Station, and to the T-Third and Central Subway lines at a Moscone Center/4th/Fourth Street
The Townsend alignment would have several benefits:
• It would reinforce an emerging neighborhood that has seen significant new growth in recent years
— in both housing and jobs.
• It would allow the creation of new office markets in areas of large parcels along Townsend Street
adjacent to the railyards, and provide access within walking distance of Mission Bay biotech
• It would serve areas farther west with fewer residential uses than Folsom Street, thus making
them more appropriate for redevelopment to accommodate new employment uses.
• It would serve significant regional cultural and recreational areas such as AT&T Park and
Seawall Lot 337.
• It would make a connection to Caltrain and the T-Third/Central Subway lines at the station at
Fourth and King streets.
• It would accommodate a wider turnback from Market Street than the one to Folsom Street, and
thus would be easier to operate at normal BART speeds. Regardless of whether Folsom Street or
Townsend Street is chosen, the facilities should be designed for immediate integration into the
Market Street subway and the eventual extension serving the Van Ness and Geary corridors.
As part of the initial phase of this project, a BART terminal should be considered at a rebuilt Pier 36/38
facility, or elsewhere near the Embarcadero, which could later become a construction tie-in for the new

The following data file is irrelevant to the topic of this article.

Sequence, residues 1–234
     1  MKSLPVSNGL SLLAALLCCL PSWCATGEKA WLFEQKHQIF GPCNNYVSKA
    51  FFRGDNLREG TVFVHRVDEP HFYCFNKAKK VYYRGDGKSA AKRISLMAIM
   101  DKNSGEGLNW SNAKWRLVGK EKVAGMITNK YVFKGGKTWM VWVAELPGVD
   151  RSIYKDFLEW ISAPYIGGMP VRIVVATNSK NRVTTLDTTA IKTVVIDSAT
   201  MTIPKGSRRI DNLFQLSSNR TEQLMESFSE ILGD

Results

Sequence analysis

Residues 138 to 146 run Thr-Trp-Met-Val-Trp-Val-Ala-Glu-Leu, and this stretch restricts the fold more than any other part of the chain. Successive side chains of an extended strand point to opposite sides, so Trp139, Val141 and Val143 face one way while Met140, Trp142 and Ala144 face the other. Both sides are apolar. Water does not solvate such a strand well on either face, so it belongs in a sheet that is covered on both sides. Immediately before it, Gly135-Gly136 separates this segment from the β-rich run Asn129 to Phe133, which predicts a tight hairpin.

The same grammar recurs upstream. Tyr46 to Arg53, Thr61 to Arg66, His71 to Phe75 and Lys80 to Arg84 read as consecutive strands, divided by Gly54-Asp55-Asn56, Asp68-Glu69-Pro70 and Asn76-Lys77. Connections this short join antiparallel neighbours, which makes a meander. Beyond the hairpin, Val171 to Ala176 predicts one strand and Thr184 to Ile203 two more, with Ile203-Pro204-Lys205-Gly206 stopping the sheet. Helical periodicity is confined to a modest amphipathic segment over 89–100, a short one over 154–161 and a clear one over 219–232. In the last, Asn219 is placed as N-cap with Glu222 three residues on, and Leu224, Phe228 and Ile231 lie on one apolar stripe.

Recommendation 3.2 Extend SOMA line across the Bay as second Transbay Tube.
SPUR recommends extending the proposed SOMA subway line to the East Bay as part of a second
transbay tube. If the new tube accommodated a BART train, it would allow BART to reorient many of its
services based on travel demands. It could also provide access to areas currently unserved by regional rail.
MTC has developed two Bay Crossing Studies in the last 20 years. In addition, it has also produced a
Regional Rail Study in 2008. These studies explore a variety of options for new BART and standard-gauge tubes connecting San Francisco and the East Bay. SPUR believes it is a high regional priority to
carry these studies forward.
The most appealing option is a new 4-track tube that would include BART and commuter rail. The
addition of tracks for a commuter rail system increases the utility of the facility by allowing extension of
Caltrain service to the East Bay or Capitol Corridor service to San Francisco and the Peninsula. These
tracks would also facilitate the extension of High Speed Rail to the East Bay and elsewhere in California.
The San Francisco connection to the tube must, by law, be designed with track connections to the
Caltrain/High Speed level of the Transbay Transit Center’s rail level. This would allow Bay Area
commuters to not only travel to and from San Francisco, but also from San Francisco to Sacramento, San
Francisco Airport to Martinez, and Palo Alto to Berkeley. This is a critical project that enhances San
Francisco’s attractiveness as the center of the region and leaves the City with all the benefits of being on a
peninsula and none of the disadvantages.